In this complex world, may I remember this:

“My actions are my only true belongings: I cannot escape their consequences. My actions are the ground on which I stand.”

Abhyasa and Vairagya


Bhagavan Patanjali with 4 disciples as envisaged by Sri T. Krishnamacharya from: krishnamacharya.net/blog

Yoga Sutra I. 12

Abhyasa vairagyambhyam tannirodhah

Practice and detachment are the means to still the movements of consciousness. BKS Iyengar (trans)

According to the Yoga Sutras of Patanjali, the principles of abhyasa and vairagya are the two wings of yoga sadhana (practice). Abhyasa means “effort of long duration, without interruption, preformed with devotion which creates a firm foundation” (Light on Yoga, p. 28). Vairagya is renunciation, detachment and the absence of worldly desires. Together they are the means advised by Patanjali to restrain the fluctuations of consciousness: the vrittis (fluctuations of mind) and kleshas (hinderences) and obstacles in practice. The practice of abhyasa and vairagya function as both a means and an end in yoga sadhana; in the perfection of abhyasa and vairagya the sadhaka becomes a master of him or herself.

Abhyasa can be understood as the active component of yoga sadhana, which conveys a sense of cultivation, observation of precepts and repetition comprising of the path of action (tapas), whereas vairagya is the surrendering or letting go component related to svadyaya (self study) and ishvara-pranidhana, surrender of oneself and actions to God. In his commentary on this Sutra, BKS Iyengar also draws a parallel between abhyasa and the external quest (bahiranga sadhana: yama, niyama, asana, pranayama) and vairagya and the internal quest (antaratma sadhana, pratyahara, dharana, dhyana and samadhi).

Practice and renunciation are equally important and interdependent. Sutra 1.32 further elucidates the connection between abhyasa and vairagya:

1. 32 tatpratisedhartham ekatattva abhyasa

Adherence to a single-minded efforts prevents these impediments. BKS Iyengar (trans)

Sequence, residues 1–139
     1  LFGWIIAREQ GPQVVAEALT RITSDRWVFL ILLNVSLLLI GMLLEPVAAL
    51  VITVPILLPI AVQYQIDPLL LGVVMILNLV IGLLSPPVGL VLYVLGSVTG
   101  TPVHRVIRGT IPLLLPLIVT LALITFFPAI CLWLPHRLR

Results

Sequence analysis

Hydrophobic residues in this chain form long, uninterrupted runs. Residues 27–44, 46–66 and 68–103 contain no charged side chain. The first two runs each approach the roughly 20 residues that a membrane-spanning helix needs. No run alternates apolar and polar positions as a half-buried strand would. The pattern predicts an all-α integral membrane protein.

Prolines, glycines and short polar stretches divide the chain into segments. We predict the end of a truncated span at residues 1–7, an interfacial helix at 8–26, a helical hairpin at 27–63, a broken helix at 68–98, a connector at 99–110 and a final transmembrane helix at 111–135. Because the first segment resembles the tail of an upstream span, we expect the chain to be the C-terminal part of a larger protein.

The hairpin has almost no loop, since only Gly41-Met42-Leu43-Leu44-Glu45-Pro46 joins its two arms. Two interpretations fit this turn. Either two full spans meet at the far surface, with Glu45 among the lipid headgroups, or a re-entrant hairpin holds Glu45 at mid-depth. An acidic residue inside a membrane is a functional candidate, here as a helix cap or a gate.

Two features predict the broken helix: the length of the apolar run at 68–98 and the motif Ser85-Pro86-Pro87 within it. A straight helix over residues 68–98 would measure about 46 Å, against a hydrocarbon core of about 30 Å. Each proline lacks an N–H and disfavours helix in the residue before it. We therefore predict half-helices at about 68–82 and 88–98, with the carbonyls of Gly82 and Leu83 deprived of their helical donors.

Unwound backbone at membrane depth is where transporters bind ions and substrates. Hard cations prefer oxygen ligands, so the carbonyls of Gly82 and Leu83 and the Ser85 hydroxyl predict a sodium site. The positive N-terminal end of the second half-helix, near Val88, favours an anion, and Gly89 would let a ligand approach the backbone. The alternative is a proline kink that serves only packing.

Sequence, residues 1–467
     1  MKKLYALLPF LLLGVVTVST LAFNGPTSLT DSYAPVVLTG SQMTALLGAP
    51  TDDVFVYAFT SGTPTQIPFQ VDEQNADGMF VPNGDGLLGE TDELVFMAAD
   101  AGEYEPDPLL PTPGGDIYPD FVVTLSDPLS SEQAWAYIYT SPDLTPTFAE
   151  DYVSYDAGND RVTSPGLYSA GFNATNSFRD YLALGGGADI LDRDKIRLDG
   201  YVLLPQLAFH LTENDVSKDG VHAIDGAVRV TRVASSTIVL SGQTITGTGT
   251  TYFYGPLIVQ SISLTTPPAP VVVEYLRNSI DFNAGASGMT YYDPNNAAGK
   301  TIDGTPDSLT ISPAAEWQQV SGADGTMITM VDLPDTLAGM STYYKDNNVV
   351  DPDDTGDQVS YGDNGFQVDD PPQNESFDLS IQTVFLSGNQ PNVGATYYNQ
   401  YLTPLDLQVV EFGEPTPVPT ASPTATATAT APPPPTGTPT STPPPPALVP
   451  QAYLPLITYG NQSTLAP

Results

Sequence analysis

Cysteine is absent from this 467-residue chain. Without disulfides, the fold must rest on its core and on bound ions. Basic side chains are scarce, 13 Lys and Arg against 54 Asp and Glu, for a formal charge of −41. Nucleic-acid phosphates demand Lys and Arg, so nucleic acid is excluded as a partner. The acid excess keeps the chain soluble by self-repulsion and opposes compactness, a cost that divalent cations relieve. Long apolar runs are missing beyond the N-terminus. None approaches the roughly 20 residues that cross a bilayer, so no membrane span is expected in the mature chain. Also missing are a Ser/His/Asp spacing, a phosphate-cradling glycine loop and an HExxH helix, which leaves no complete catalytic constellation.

Through abhyasa, the practitioner cultivates, purifies and guides body, mind, and intellect in a virtuous direction and prevents the arising of impediments.  In proceeding sutras, Patanjai elaborates of the ways of practicing to prevent the arising of obstacles and impediments: repeating the sacred sound of OM, cultivating friendliness compassion, joy and equanimity, maintaining the pensive state felt at the end of a soft and steady exhalation, contemplating a luminous light, contemplating on enlightened sages, recollecting the the experiences of sleep, and absorption on any desired object.

Patanjali gives all of these methods, and the eight limbs of yoga to suit the needs and temperaments of practitioners of differing capacities. When done repeatedly with focused awareness and devotion (abyasa, tapas), these practices purify mind, body and intelligence. “Only when body, mind and intelligence are fully purified is it possible to surrender totally to God, without expecting any return.” (Core of the Yoga Sutras, BKS Iyengar). Here we see the connection between vairagya and pranidhana.

“To contemplate on God, to surrender one’s self to Him, is to bring everything face to face with God. Pranidhana is the surrender of everything: one’s ego, all good and virtuous actions, pains and pleasures, joys and sorrows, elations and miseries to the Universal Soul. Through surrender the aspirant’s ego is effaced, and the grace of the Lord pours down upon him like torrential rain.” BKS Iyengar, Light on the Yoga Sutras, p. 78